"Prior to issuing the complaint, Acting General Counsel Lafe Solomon – a career employee who spent more than 30 years working at the NLRB under both Republican and Democrat superiors – made every effort to resolve the dispute. Solomon and the NLRB spent months trying to encourage the two sides to settle the dispute. The parties were unable to come to an agreement, so the General Counsel issued the complaint on April 20th. A hearing is scheduled for June 14th before an Administrative Law Judge. Depending on the outcome, the case can be appealed to the National Labor Relations Board and eventually the Federal courts. That is the process that has been laid out by our laws and, personally, I have faith in that process. Our system is designed to ensure that the rule of law is applied impartially to all parties. This case has provoked controversy, and powerful interests have a big stake in the outcome. This makes it all the more important that we protect the integrity of the process from improper influence.
"The dramatic responses to the complaint have needlessly complicated the issue and the NLRB’s process. There have been threats to the NLRB budget as well as attempts to link the fate of nominations pending before the Senate HELP Committee to the outcome of the case. These actions threaten the integrity of our judicial and prosecutorial processes. This case – like any adjudication handled by an independent agency – should be determined based on the facts and the law, not politics.
"In addition to mischaracterizing the NLRB’s handling of this case, opponents of workers’ rights have also mischaracterized the fundamental issue at stake. Several public officials, including some of my Senate colleagues, have suggested that this case represents an assault on right to work laws. Again, that’s just factually incorrect. There is absolutely no way that the outcome of this case could affect in any way the right to work laws of any state.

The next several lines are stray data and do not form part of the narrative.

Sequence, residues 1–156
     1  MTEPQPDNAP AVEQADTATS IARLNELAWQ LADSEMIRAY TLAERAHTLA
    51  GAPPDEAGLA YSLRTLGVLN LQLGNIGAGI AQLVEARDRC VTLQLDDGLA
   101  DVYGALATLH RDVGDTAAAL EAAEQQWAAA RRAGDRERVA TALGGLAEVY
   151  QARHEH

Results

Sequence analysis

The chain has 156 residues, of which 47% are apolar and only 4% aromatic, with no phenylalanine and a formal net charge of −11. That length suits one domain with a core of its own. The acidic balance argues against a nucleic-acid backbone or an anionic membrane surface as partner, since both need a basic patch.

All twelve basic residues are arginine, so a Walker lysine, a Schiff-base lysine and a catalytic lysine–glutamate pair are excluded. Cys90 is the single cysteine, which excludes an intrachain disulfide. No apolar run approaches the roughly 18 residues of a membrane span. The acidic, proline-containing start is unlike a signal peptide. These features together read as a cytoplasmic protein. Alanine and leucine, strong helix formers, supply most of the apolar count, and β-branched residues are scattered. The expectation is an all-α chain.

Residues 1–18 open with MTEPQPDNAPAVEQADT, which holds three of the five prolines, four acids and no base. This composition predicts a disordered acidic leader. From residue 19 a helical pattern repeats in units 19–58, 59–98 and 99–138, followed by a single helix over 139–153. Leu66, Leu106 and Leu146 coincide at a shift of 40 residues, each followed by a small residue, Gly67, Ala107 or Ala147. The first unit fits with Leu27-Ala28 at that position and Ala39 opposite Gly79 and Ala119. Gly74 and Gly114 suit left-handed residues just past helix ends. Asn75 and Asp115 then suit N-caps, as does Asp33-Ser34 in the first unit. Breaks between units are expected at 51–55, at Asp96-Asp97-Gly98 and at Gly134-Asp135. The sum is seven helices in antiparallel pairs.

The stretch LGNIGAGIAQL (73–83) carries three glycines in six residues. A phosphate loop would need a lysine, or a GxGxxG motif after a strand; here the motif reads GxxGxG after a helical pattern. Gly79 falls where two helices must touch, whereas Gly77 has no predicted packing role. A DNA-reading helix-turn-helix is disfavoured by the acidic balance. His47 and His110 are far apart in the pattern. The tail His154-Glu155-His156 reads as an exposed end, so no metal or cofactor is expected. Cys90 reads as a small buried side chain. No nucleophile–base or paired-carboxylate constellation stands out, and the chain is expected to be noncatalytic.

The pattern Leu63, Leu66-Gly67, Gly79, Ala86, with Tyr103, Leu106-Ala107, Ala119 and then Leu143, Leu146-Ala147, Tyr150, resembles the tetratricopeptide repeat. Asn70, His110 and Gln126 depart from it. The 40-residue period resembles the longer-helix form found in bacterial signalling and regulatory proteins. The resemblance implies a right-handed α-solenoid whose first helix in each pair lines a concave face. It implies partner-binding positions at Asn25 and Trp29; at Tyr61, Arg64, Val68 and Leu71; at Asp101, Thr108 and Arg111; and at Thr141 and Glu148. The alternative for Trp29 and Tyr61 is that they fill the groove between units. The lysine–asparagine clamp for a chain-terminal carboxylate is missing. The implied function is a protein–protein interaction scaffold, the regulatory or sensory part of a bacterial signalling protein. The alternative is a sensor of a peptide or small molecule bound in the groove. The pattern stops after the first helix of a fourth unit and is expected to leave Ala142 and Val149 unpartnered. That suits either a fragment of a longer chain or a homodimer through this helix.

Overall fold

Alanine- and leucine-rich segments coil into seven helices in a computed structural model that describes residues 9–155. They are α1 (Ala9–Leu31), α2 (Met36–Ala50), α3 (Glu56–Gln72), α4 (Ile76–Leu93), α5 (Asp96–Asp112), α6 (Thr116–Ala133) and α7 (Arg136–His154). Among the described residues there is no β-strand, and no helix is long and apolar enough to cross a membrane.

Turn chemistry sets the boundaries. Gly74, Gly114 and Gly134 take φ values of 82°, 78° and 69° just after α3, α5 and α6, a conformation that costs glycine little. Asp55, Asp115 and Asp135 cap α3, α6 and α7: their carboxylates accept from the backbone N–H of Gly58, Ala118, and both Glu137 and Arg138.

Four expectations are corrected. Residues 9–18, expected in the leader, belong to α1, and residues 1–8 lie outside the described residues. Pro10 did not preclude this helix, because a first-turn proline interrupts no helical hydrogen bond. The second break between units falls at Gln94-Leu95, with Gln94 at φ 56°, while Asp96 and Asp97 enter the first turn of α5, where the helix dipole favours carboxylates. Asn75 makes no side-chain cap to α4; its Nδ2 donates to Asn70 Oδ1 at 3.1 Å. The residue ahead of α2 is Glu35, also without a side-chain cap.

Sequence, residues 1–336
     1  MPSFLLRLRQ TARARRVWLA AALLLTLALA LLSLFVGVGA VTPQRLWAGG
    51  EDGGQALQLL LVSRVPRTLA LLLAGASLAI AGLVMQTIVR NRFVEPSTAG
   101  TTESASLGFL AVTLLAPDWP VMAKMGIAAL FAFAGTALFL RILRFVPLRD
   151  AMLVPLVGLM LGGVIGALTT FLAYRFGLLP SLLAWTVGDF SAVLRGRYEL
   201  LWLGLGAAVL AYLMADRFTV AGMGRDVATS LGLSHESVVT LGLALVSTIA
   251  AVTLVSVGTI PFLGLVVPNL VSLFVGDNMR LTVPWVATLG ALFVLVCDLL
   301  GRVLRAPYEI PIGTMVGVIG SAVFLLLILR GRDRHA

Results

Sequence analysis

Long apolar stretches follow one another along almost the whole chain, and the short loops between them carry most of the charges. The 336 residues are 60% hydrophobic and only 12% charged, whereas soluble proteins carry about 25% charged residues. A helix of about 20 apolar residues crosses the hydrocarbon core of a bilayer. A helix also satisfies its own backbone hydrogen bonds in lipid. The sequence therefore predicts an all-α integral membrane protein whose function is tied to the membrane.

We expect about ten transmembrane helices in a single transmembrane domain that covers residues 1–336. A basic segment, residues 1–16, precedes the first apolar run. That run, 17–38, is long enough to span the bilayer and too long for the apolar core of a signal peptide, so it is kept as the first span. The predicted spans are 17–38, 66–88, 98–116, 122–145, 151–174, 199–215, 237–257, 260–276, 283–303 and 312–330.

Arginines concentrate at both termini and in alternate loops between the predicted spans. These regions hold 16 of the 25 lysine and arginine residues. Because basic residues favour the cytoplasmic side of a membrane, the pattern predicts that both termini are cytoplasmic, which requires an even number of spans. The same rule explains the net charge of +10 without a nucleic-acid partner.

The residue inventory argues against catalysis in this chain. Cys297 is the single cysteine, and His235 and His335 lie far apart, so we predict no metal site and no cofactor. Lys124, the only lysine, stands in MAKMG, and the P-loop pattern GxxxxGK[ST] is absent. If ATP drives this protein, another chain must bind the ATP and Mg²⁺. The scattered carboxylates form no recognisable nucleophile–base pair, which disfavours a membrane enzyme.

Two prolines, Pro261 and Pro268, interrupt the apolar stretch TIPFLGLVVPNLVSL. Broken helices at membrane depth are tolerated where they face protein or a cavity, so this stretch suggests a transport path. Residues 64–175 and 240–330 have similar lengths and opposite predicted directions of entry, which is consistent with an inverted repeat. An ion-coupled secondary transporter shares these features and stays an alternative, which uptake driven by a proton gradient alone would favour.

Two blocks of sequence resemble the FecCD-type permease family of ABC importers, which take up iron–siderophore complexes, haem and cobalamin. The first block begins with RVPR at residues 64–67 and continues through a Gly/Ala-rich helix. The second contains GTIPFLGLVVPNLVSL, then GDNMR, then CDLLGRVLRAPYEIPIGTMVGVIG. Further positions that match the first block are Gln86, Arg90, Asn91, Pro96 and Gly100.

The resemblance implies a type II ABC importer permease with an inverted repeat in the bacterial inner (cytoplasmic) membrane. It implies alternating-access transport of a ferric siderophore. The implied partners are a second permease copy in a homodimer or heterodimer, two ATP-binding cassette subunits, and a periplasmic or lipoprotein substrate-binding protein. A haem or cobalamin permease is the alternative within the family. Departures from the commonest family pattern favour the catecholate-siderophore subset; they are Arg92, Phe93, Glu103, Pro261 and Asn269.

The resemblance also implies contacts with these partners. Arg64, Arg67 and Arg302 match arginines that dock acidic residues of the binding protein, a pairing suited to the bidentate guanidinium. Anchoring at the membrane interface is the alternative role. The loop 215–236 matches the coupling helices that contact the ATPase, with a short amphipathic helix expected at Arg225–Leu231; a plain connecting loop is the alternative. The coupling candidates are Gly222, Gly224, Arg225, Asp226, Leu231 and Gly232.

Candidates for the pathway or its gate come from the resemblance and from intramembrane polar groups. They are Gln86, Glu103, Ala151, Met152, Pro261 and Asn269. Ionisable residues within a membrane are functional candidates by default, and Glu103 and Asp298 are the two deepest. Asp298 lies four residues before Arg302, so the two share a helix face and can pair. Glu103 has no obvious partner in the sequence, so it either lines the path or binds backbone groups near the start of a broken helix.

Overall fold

"This case is not about right to work laws – it’s about workers’ rights. If, indeed, the NLRB General Counsel is able to prove that Boeing retaliated against Washington’s workers because they stood up for themselves, that’s a very serious violation of the law, and it deserves a very serious sanction.
"This is about far more than just one group of workers in Washington State. Unions are one of the few voices left in our society speaking up for the little guy, and the rights provided in the NLRA are one of the few tools that workers can use stand up for fair treatment, including good American jobs that pay good American wages and benefits. If we let powerful CEOs trample all over these rights without consequences, we might as well give up on having a middle class altogether.
"That’s what this all comes down to. What we are really witnessing here is another example of the Republican assault on the middle class that has been echoing across the country for months now. Just as people are rising up in states across the country to tell Governors and other elected leaders not to destroy their rights, we in this body also need to stand up and tell powerful and politically connected corporate CEOs that they are not above our nation’s laws.
"Americans understand fairness, and they resent it when the wealthy and powerful manipulate the political system to reap huge advantages at the expense of working people. That’s exactly what’s happening in this case. Powerful corporate interests are pressuring members of this body to interfere with an independent agency, rather than let justice run its course. And we should not tolerate this interference.
"Instead, we should turn our attention back to the issues that really matter to American families – how we can create jobs in Washington, South Carolina, Iowa, and across the country . . . how we can rebuild the middle class . . . and how we can ensure that working hard and playing by the rules will help you build a better life for your family and your children. I plan to spend a lot of time in the HELP Committee this year exploring these issues, and I hope my colleagues on both sides of the aisle will join me in that effort."